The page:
The government has known about this problem for longer than it might care to remember. In 2012, as part of the Welfare Reform Bill, it created the youth payment which offered financial support to young people who had become homeless. Though the payment was great, it wasn’t enough. No thought was given to where these young people would live, or how they would find safe accommodation. This despite the 2013 census revealing that over half our homeless population were young people. Three years later, the 2016 Auckland Homeless Count found that almost a third of those surveyed were under 18 – and even that was considered an undercount due the survey’s weakness in accounting for rangatahi.

Knowing all this, we’ve closed our eyes to the problem rather than facing it head on. Time and time again Jacinda Ardern has expressed a vision for our nation of kindness and compassion, but a nation that ignores the abuse and exploitation of its most vulnerable is not a kind nation. In fact, it is the opposite.

Youth homelessness can be ended, but we will need both the courage and compassion to do so. This is why Manaaki Rangatahi is calling on the government to act urgently to address this crisis. Until a strategy is put in place to address youth homelessness, young people will continue to be exploited and abused by a system that does not take their needs into account. If we are going to end homelessness in Aotearoa then we must start by ending youth homelessness.

To do this, we need to be strategic. We need to take seriously the impact that child poverty has on young people becoming homeless, we need to support whanau in the home so that young people aren’t uplifted, or forced to leave their homes because they are in toxic and dangerous environments. We need to create legislation that closes the pipelines into homelessness for young people, making it impossible for government agencies to exit young people from their services to the streets.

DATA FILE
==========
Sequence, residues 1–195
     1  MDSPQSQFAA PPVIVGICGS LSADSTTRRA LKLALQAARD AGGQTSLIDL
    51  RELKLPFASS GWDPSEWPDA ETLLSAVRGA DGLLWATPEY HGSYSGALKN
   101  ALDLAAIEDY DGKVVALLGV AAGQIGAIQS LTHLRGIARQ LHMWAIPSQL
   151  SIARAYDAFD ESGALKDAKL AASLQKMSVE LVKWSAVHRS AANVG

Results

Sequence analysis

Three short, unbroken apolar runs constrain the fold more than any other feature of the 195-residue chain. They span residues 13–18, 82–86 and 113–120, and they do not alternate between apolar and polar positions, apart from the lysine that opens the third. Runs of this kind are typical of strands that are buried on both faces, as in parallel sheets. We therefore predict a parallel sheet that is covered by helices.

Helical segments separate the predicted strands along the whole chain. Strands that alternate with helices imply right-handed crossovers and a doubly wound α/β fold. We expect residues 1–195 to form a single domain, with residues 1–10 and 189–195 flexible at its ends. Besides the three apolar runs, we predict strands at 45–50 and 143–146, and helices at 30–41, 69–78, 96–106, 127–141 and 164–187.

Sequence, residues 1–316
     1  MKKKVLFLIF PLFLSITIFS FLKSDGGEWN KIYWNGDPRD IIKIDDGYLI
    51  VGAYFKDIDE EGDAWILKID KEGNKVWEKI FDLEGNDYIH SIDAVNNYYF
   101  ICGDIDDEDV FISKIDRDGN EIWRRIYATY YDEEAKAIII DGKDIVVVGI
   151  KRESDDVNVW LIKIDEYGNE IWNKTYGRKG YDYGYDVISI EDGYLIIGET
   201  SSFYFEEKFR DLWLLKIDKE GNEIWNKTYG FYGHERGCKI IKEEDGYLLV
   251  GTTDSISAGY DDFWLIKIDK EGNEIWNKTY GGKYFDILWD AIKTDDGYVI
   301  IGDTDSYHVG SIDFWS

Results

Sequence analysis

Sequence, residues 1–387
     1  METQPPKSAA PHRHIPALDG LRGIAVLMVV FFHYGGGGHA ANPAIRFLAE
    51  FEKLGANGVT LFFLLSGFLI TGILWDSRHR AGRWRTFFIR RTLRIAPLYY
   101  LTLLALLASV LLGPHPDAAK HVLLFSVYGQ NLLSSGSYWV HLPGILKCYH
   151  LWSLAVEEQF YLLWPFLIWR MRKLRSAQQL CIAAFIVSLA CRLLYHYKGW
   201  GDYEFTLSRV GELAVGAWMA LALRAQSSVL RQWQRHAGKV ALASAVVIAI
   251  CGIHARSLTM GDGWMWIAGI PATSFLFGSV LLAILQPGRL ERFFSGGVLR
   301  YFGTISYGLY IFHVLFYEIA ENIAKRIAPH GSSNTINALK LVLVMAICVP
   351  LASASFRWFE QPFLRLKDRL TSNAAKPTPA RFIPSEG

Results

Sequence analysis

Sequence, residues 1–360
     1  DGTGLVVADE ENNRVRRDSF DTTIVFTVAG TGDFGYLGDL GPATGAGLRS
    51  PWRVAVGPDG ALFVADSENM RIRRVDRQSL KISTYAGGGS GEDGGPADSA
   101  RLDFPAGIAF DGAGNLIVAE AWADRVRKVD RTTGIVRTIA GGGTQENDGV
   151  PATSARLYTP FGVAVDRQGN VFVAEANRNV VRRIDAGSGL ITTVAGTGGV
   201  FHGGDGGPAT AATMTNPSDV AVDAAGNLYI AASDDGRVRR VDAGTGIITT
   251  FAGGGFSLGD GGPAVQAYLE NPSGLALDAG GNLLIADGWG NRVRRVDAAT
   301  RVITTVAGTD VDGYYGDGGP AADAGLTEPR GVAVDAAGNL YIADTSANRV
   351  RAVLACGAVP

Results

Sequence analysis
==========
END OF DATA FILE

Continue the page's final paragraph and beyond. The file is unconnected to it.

We need to wrestle with the reality that young Māori are massively over represented within the homeless population – 80-90% of young people in the homelessness service I lead identify as Māori – and take seriously what that means for our obligations under Te Tiriti.

But while we’re addressing these issues, we also need urgent and immediate access to safe, supported and stable emergency and transitional housing. We need housing right now, so that if a young person becomes homeless tonight, they don’t have to be victims of abuse, exploitation, and neglect because the only place available for them to go is our streets.

Photo: Getty Images

The young girl mentioned earlier ended up in our office quite by accident. She was walking the streets and one of our team managed to connect with her. She was on the streets because as a community we have failed her. I remember the hopeless feeling as my team and I rang motels, begging people to take her in. The dread as the clock clicked closer to 5pm, and we were no closer to finding her somewhere to stay. The all too common question of why? Why in a nation that so highly values kindness and compassion, do we have a young girl sitting in our office on a Friday afternoon and there is nowhere safe or stable that she can go?

That day we were lucky. At the eleventh hour we were able to find a compassionate motel owner who was willing to allow this young person into their emergency accommodation.

It shouldn’t be this way. Our young people should not have to sleep on the street, or remain in abusive and toxic environments, simply because they have nowhere else to go.

If Covid-19 taught us anything, it is that when we prioritise human health and wellbeing we can move mountains.

If we all agree that our young people shouldn’t be abandoned to live on our streets, then we can do something about that. We can do this. We can #EndYouthHomelessness, but we have to want it enough.

Sign the petition to end youth homelessness here.